First announced a year or so ago, Christophe Gans' adaptation of the classic fairytale Beauty And The Beast is now in post-production. The film stars Lea Seydoux and Vincent Cassel, and as the 2013 Cannes film festival winds down, the first still has emerged from the movie market, courtesy of Pathe International. Seydoux is Beauty and Cassel is the beast, just in case there was any confusion.
Gans previously directed the live-action manga adaptation Crying Freeman, the mind-bending genre crossover Brotherhood Of The Wolf (a pre-French-revolutionary monster kung-fu horror mystery with Native Americans and Monica Bellucci), and the surreal Silent Hill movie that got an awful sequel last year from Michael J. Bassett. An amazing visual stylist, he's promising great things for Beauty And The Beast, as outlined in the statement that accompanies the image:
"Beauty And The Beast is the adaptation of a story by Madame de Villeneuve. Published anonymously in 1740 as La Jeune Américaine et les contes marins, it paints a portrait of Belle, a joyful and touching young girl who falls in love with the Beast, a cursed creature in search of love and redemption. In 1760, a condensed children’s version was published. It was from this version that Jean Cocteau and then Walt Disney drew their famous adaptations. Overshadowed, the original version by Madame de Villeneuve has never been adapted for the screen... until now!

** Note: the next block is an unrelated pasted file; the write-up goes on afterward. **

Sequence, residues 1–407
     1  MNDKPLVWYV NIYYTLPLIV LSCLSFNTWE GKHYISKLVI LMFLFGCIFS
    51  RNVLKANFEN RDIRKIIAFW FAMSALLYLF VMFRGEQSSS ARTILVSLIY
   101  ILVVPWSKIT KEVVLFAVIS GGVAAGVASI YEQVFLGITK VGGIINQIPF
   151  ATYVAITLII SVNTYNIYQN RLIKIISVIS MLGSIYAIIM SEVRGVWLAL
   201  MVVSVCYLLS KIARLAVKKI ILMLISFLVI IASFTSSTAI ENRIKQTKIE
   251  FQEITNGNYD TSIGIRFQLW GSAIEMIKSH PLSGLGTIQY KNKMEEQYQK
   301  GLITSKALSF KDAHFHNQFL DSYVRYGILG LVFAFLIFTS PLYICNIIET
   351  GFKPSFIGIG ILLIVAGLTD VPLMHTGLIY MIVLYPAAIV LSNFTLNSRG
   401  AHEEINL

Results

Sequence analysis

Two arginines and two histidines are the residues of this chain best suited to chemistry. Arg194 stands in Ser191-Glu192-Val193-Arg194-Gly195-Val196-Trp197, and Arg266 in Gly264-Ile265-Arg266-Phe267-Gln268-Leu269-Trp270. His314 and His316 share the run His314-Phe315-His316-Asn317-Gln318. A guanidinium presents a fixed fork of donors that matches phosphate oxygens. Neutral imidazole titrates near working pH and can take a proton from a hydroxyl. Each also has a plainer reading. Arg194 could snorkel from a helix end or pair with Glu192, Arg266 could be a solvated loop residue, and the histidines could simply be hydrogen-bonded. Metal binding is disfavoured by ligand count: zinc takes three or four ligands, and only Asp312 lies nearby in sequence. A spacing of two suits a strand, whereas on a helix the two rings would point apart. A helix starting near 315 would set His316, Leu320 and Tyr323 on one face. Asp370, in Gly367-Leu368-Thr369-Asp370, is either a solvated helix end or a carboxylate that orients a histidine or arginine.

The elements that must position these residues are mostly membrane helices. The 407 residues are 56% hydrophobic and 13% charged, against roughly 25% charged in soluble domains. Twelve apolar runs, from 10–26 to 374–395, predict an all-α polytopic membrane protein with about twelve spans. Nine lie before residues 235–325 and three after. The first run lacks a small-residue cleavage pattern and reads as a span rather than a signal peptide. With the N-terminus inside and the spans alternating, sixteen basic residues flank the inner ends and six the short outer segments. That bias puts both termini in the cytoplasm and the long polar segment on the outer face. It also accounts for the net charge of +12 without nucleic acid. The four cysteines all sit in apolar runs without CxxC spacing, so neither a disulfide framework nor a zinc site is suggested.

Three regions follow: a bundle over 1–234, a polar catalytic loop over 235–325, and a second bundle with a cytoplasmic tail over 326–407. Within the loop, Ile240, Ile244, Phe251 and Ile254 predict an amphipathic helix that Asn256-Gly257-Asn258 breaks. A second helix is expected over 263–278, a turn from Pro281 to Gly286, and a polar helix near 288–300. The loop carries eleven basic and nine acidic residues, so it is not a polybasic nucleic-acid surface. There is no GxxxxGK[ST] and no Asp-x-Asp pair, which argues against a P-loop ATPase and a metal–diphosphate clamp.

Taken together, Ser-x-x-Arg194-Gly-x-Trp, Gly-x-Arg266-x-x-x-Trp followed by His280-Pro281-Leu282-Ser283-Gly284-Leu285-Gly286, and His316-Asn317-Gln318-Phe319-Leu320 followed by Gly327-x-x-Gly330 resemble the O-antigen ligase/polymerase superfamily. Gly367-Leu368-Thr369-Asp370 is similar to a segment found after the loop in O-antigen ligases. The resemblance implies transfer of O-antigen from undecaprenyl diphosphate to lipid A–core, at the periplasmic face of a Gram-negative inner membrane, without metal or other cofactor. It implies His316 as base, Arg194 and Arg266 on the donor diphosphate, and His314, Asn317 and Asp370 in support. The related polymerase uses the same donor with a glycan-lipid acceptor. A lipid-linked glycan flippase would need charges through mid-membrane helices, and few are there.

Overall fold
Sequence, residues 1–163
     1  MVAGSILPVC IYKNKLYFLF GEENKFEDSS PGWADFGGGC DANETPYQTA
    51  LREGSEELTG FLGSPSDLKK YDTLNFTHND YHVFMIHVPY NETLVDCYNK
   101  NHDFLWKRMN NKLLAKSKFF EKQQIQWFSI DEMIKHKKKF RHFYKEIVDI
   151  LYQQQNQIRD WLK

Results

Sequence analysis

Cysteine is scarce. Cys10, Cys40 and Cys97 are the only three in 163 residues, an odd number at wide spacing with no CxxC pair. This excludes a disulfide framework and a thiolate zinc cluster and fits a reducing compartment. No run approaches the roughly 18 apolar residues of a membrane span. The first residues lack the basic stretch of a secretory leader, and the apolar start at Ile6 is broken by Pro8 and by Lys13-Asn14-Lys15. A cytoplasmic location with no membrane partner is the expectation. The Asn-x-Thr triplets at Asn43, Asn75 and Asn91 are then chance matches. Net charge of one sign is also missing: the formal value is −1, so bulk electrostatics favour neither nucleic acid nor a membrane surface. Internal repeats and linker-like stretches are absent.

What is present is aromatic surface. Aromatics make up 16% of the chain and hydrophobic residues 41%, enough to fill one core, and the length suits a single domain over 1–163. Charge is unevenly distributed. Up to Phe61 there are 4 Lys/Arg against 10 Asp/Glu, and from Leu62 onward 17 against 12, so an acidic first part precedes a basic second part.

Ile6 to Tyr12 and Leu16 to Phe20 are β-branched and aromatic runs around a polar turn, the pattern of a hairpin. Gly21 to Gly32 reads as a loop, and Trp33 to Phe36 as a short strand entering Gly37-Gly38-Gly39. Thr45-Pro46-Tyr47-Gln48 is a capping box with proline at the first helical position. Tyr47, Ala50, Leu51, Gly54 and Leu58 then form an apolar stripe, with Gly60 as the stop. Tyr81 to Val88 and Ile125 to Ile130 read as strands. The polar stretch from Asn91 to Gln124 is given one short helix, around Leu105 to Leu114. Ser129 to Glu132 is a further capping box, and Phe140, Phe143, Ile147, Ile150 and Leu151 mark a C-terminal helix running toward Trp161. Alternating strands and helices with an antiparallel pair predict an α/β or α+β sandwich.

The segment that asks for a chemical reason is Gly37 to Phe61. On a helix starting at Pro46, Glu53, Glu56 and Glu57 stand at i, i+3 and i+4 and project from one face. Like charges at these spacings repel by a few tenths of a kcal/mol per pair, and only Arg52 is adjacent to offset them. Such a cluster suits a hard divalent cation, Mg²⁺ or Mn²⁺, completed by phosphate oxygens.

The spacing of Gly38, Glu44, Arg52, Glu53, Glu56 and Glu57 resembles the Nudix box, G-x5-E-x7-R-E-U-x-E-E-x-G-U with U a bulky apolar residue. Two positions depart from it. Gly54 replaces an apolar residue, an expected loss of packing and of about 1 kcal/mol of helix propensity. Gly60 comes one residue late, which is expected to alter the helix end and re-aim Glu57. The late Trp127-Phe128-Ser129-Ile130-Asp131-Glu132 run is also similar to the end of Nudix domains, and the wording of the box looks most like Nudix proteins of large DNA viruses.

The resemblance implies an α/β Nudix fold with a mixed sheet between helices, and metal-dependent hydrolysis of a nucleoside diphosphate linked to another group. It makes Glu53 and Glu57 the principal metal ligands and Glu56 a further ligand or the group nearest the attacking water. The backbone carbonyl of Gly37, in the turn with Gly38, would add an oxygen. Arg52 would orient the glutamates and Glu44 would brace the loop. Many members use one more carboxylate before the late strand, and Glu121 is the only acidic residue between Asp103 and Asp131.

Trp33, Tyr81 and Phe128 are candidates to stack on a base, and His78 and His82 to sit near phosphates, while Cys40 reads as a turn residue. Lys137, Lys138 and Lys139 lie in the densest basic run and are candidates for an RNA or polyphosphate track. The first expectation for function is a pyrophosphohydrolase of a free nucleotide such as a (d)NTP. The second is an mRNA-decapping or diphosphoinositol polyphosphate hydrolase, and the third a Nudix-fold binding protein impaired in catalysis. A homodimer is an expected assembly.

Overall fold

"Beauty And The Beast is the story of a family going through a crisis, having lost all of its possessions when the father was ruined. The encounter - at first terrifying, but then voluptuous - with this mythical Beast provides our characters with an opportunity to get back on their feet. I like to think that this film is a metaphor for the situation that is currently afflicting the world. That is one of the advantages of fairy tales, to present an ensemble of values that endure through the ages.
"Beauty And The Beast speaks, among other things, of the power of dreams and love over materialism and corruption - a theme more topical now than ever. It was time to pay tribute to Madame de Villeneuve’s story: an amazingly contemporary tale, in which the poem of love is also a message of hope."
- Christophe Gans
Cassel needs no introduction, and worked with Gans before on Brotherhood Of The Wolf. He was also to star in Gans' ambitious new Fantomas, but that project sadly fell through. The steadily rising Seydoux meanwhile, stars in the Palme d'Or-winning Blue Is The Warmest Colour, and you may also recognise her from Woody Allen's Midnight In Paris, Ridley Scott's Robin Hood, and from Mission: Impossible - Ghost Protocol. She has a role of unspecified size in Wes Anderson's forthcoming The Grand Budapest Hotel.
Can Gans come up with what he's promising? Will Cassel's Beast stand tall alongside Jean Marais, Robby Benson, Ron Perlman and Meatloaf? We should find out sometime next year; the release date, in France at least, is February 12.